Bel-Ray Heavy Duty Diesel Engine Oil, with one of the highest TBN levels in the market and the best additives to protect against wear and oxidation, is the best diesel engine oil that you can use to protect your engines.

By choosing Bel-Ray, you will have the confidence that your investment is our investment and we are here to protect your equipment. Bel-Ray Heavy Duty Diesel Engine oil is the very definition of quality and excellence.

What is a Normal Level for Wear Metal?

We are asked many times, what is the wear metal target for our equipment using your oil? This sounds like a reasonable question, until you take into account; the different sizes, loads, environments, contaminants and lubricants used in equipment. The question becomes much more complicated, but this is what we ask ourselves every time we review an oil analysis report. If we want our oil analysis program to help us determine machinery condition we need to ask, what is a normal level for wear metal for our equipment?

Many operations have multiple pieces of equipment that are of the same make and model or of similar configuration. By analyzing the oil analysis reports for your equipment you can get a much better idea of what is Normal and what the limits for Caution and Critical should be.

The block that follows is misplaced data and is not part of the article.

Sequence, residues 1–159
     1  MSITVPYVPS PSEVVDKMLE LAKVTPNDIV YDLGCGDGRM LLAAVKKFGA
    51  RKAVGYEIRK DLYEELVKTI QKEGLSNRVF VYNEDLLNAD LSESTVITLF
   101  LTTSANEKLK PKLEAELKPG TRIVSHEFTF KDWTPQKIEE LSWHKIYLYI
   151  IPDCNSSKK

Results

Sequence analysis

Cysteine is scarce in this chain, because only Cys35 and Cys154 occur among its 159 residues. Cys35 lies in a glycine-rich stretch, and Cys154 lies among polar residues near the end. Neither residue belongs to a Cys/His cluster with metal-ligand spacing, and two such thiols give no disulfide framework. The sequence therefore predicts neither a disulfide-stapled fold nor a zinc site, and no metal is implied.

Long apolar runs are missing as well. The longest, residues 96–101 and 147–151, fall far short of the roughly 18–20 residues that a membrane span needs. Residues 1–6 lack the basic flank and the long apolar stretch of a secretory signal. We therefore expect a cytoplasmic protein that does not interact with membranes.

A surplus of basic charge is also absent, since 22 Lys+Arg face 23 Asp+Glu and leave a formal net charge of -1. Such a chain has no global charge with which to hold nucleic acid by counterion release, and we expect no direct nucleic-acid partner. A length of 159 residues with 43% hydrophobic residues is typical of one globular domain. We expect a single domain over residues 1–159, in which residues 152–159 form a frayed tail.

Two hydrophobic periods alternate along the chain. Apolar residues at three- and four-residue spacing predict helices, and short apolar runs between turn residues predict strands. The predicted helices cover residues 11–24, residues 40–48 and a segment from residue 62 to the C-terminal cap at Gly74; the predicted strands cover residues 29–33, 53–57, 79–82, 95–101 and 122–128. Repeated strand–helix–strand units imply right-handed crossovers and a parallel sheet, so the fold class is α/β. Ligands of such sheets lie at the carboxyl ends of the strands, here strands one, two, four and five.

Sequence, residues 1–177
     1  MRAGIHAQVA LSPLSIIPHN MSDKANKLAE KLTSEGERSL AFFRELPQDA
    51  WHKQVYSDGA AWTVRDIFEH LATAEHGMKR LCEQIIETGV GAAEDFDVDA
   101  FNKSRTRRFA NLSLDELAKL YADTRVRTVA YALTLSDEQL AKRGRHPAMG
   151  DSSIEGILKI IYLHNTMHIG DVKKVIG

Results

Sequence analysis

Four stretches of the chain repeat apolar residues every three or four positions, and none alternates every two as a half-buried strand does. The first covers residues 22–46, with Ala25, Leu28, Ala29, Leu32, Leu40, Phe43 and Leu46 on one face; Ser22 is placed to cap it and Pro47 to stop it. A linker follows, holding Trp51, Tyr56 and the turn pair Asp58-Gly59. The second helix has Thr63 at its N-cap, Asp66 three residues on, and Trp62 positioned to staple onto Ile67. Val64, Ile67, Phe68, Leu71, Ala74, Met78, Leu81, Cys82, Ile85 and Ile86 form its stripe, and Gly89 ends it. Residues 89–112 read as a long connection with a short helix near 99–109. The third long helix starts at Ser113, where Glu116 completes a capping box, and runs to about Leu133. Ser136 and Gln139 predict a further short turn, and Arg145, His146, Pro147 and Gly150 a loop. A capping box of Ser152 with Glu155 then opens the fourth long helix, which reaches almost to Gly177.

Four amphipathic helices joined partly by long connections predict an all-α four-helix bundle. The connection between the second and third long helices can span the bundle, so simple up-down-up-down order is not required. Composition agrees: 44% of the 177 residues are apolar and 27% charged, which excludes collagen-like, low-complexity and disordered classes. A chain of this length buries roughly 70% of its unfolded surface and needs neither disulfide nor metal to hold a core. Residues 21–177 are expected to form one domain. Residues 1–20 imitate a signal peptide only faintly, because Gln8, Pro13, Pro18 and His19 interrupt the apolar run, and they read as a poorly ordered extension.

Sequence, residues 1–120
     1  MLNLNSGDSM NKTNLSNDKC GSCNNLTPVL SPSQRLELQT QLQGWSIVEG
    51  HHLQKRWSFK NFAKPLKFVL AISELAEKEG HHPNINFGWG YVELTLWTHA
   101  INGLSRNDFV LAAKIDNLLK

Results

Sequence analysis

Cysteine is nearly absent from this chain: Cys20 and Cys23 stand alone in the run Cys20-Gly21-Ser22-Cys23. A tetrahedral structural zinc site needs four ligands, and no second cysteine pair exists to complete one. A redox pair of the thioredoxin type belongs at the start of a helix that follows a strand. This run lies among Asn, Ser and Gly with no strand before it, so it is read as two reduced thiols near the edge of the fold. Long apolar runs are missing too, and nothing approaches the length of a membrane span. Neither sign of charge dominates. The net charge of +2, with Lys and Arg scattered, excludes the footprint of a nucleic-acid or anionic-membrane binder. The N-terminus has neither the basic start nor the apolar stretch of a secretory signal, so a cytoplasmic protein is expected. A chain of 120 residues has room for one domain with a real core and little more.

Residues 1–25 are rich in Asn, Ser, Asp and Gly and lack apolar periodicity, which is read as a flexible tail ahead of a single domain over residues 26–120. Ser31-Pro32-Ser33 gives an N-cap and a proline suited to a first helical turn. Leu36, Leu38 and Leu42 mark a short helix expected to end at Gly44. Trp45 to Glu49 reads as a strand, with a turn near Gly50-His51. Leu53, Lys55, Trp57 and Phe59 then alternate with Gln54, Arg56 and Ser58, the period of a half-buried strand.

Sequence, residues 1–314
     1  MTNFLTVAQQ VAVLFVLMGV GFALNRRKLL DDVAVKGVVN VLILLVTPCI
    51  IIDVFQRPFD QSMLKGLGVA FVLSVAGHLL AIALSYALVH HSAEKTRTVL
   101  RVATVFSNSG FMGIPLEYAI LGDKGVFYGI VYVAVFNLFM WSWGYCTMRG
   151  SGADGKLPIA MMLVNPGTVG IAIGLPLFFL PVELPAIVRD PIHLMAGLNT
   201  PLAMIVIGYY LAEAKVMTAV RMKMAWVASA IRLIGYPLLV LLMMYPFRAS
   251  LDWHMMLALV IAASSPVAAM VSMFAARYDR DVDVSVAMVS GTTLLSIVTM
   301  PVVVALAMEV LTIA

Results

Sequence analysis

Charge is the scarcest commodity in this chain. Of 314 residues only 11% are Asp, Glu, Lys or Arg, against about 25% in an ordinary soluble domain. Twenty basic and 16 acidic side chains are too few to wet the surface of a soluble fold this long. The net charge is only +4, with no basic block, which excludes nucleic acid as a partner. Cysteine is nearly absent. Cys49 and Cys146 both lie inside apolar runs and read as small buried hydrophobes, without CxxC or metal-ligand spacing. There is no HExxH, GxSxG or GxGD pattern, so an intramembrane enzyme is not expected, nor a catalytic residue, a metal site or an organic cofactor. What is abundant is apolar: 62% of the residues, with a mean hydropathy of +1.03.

Start with an inventory of your equipment and the lubricants that are used. Subdivide the inventory into groups of like machines and lubricants. These pieces of equipment can be used as a family of machines that you can use to determine what the Normal wear metal level should be. Now review the oil analysis reports for each piece of equipment; you should have enough reports so you can see a trend for each machine. You don’t want to set limits on one oil report, you need trends to show what the real levels of wear metals are. Now, based on the determined levels for the various wear metals, you can calculate the Mean or Average and then calculate the Standard Deviation for the number of samples you have. You can use Excel to calculate these values for you.

The following is an example: The numbers represent 10 different machines and list the wear metal value of interest foreach machine. 102 is the Mean or Average of the 10 values. 44 is the Standard Deviation for the values. Now to determine the limits Caution and Critical for the group of equipment, we take the Mean or Average plus one Standard Deviation for Caution and the Mean plus two Standard Deviations for Critical.

Now you know what is Normal for your family of equipment and what the Caution limits and Critical limits are. This family of machine method is a much more accurate method for determining what is a Normal level of wear metal for your equipment. If you need any assistance with the process contact your Bel-Ray Sales Representative.